The Secretary-General adds that the use of such technologies needs also to be improved within the UN itself, so that the Organization’s collective mindset and methods of work are brought fully into the digital age. We have the full text of that message upstairs.
Bold and urgent action is needed to reduce extreme poverty and improve people’s economic and social prospects in developing countries, to meet the Millennium Development Goals (MDGs), according to a new report by the World Bank and the International Monetary Fund.
“The credibility of the entire development community is at stake as never before”, World Bank President James Wolfensohn said yesterday while introducing the second annual Global Monitoring Report.
The report, “MDGs: From Consensus to Momentum”, is available on the Organization’s websites; and we also have a press release on the report upstairs.
You probably have heard the news that samples of the H2N2 influenza virus were sent out inadvertently to more than 3,700 laboratories in 18 countries.
The World Health Organization has posted a notice on its website, recommending that all samples containing this virus, which is similar to the so-called Asian flu pandemic of 1957-1958, be destroyed immediately.
WHO also says that the infection risk for laboratory workers and public is low. You can read more about this in the WHO information note on the subject that I have upstairs.
**Press Conference This Afternoon
At 12:30 p.m., the Secretary-General will be in this room to formally introduce his Special Envoy dealing with the Indian Ocean tsunami-recovery effort, former U.S. President Bill Clinton. And the questions should be limited to the tsunami-recovery effort.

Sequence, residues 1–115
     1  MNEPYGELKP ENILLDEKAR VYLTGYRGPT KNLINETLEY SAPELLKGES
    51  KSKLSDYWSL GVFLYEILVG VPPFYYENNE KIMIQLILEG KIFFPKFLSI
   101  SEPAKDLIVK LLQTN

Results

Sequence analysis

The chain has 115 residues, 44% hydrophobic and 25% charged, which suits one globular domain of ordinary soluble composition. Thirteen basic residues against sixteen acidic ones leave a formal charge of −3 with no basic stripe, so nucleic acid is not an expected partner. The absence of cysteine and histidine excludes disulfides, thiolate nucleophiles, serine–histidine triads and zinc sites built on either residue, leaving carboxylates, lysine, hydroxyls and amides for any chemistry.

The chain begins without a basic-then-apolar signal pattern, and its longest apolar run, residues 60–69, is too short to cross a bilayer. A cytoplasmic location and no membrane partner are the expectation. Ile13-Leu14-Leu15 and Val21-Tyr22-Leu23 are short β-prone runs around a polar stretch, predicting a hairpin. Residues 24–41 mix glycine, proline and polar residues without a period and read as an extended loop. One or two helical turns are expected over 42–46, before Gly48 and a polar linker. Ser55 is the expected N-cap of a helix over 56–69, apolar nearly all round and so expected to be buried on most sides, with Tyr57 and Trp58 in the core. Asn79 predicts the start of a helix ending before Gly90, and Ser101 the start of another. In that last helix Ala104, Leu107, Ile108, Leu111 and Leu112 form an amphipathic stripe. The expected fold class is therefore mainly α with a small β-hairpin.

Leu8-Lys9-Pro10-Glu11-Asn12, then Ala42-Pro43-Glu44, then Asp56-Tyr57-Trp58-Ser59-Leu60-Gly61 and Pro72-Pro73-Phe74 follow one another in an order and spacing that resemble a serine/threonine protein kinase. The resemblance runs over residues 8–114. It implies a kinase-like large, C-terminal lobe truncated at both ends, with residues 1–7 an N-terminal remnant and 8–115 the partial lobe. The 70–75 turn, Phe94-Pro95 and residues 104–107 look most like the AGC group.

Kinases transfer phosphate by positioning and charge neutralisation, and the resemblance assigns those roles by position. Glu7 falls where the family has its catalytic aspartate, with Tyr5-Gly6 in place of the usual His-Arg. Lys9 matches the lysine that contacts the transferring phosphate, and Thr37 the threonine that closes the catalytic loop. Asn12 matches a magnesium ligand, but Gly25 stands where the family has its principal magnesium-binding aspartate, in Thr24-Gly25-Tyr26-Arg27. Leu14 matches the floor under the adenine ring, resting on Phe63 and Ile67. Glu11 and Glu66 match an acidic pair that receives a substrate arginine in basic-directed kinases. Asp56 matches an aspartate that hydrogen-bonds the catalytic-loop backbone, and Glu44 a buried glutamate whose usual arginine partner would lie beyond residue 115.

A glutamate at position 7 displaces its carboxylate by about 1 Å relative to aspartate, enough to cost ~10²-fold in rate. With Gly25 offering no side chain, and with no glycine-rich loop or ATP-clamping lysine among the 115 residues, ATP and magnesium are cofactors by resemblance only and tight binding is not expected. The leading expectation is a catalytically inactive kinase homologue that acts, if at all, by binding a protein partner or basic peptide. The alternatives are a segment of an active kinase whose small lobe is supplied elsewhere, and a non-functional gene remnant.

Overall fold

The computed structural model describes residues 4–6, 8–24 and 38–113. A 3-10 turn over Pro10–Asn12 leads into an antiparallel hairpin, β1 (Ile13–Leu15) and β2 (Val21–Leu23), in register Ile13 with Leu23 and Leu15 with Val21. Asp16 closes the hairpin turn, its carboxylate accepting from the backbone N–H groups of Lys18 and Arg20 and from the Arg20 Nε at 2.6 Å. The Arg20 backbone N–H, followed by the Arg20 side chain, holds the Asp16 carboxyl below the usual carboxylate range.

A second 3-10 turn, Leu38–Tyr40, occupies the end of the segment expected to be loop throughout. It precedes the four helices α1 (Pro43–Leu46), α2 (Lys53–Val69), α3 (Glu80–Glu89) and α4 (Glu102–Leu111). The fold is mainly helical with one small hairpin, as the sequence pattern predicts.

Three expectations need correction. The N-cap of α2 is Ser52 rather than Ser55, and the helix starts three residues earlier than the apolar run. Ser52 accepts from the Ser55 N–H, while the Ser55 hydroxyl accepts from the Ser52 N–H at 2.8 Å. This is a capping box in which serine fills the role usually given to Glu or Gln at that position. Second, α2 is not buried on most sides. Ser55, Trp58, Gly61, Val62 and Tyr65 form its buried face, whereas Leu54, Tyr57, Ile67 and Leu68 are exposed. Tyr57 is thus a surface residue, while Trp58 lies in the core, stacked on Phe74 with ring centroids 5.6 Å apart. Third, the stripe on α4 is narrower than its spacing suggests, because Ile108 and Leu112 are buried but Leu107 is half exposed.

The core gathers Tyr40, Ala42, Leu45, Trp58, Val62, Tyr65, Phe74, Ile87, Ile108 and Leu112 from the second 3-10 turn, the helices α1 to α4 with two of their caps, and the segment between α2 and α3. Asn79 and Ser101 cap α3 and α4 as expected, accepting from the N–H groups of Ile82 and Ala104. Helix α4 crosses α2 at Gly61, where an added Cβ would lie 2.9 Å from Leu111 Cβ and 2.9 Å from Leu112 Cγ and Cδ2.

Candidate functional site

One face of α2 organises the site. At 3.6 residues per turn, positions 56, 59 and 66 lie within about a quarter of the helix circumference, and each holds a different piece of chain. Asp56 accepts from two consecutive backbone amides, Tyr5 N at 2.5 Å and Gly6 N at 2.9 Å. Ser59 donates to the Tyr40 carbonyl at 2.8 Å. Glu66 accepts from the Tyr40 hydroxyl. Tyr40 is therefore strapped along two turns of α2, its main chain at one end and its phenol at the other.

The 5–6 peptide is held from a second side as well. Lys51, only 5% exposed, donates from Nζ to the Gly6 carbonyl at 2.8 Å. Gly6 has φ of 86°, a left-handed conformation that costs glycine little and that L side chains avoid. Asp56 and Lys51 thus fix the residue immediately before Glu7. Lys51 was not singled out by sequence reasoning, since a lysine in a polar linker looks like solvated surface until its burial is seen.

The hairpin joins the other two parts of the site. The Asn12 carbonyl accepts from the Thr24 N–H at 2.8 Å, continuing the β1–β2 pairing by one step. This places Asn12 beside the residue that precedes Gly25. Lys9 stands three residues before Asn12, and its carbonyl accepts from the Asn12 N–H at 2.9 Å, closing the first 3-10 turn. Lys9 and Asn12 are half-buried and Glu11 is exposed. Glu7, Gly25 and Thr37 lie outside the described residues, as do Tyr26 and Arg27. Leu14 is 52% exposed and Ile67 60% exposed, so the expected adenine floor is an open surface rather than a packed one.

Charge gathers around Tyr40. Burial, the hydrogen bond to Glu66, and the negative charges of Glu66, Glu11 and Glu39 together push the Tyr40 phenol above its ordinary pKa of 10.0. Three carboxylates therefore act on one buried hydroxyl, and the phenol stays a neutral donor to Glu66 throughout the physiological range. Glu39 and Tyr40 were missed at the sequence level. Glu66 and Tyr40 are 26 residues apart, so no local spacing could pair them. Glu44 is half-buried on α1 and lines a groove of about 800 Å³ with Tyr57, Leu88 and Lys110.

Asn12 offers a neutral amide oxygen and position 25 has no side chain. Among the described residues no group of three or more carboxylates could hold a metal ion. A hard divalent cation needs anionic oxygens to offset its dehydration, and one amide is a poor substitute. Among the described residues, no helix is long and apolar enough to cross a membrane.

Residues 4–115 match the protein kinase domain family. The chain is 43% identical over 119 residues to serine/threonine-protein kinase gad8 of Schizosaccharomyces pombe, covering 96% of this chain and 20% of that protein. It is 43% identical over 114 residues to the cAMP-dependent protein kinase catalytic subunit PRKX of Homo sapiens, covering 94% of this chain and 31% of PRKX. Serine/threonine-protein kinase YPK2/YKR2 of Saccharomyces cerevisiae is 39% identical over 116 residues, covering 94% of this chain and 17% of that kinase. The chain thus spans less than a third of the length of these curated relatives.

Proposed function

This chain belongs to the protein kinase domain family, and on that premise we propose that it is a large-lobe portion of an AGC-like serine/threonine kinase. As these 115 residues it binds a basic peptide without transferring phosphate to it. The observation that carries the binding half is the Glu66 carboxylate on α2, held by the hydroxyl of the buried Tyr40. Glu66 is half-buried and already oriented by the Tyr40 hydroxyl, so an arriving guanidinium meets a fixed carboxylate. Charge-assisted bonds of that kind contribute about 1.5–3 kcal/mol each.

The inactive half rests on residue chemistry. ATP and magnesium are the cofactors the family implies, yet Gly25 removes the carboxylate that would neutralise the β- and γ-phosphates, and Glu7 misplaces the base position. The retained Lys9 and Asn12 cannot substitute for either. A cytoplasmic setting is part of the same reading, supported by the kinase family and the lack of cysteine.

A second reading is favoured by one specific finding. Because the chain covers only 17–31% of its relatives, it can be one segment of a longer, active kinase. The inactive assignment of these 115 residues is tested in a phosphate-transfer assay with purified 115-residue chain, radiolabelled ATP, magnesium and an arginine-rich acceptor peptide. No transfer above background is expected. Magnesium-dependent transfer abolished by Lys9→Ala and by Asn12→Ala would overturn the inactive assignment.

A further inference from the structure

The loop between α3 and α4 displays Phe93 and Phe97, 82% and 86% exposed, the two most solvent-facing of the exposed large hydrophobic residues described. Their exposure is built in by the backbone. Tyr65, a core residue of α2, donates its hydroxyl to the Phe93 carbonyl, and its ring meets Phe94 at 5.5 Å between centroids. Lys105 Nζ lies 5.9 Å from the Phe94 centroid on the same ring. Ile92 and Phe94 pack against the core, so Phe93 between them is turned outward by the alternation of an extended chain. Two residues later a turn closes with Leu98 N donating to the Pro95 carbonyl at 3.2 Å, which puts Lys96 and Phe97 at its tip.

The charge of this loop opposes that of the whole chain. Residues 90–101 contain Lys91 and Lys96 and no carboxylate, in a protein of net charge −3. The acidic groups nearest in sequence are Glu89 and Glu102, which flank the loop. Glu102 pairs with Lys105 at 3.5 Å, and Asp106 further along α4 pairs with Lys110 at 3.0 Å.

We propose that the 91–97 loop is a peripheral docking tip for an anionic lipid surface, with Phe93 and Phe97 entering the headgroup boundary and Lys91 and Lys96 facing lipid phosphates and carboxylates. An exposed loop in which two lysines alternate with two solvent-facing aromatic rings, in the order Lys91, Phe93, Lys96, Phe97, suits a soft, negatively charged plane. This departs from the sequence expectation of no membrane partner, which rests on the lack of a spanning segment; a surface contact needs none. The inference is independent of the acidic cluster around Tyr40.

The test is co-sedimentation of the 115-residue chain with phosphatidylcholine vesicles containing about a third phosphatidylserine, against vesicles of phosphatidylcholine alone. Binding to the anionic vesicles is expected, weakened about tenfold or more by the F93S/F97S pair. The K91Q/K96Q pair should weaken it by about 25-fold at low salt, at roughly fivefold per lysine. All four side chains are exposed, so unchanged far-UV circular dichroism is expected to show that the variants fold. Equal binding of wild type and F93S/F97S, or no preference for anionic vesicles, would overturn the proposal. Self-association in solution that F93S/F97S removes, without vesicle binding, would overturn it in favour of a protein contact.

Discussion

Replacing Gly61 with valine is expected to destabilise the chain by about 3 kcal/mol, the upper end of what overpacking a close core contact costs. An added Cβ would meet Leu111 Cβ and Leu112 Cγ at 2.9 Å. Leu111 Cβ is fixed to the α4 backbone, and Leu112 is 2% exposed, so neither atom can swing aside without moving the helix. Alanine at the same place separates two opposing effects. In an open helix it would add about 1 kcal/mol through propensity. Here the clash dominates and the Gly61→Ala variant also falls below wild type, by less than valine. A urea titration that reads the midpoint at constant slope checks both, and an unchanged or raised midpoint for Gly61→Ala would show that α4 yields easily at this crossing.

Finally, my Office, the Spokesman’s Office, with the generous support of the UN Foundation and the Friedrich Ebert Foundation, is hosting an all-day programme tomorrow examining how the UN got its message out to the media from its inception.
Participants will include UN press officers and spokesmen, as well as some of the journalists they spoke to, from 1945 to the present. You can watch the proceedings on UN in-house television here, or come down to Conference Room 8 and see it in person, if you prefer.
And then you are then invited to join our guests in my Office for a reception starting at 6 p.m.
**Questions and Answers
Question: (Inaudible)... on the status of what’s happening with the review and possible investigation?
Spokesman: No, I have nothing on that. I will check with Mark Malloch Brown when he comes back. But... (Interrupted).
Question: I am asking because his time for departure is quickly approaching.
Spokesman: Thank you. Mark?
Question: I’m just wondering in terms of the one-time staff buyout and these ideas within the reform package. When are we going to get any kind of proposals on that? Is the Secretary-General waiting for the summit? What’s the hold-up on this?
Spokesman: I don’t know that there is any hold-up. But we can ask for additional information as soon as it’s available.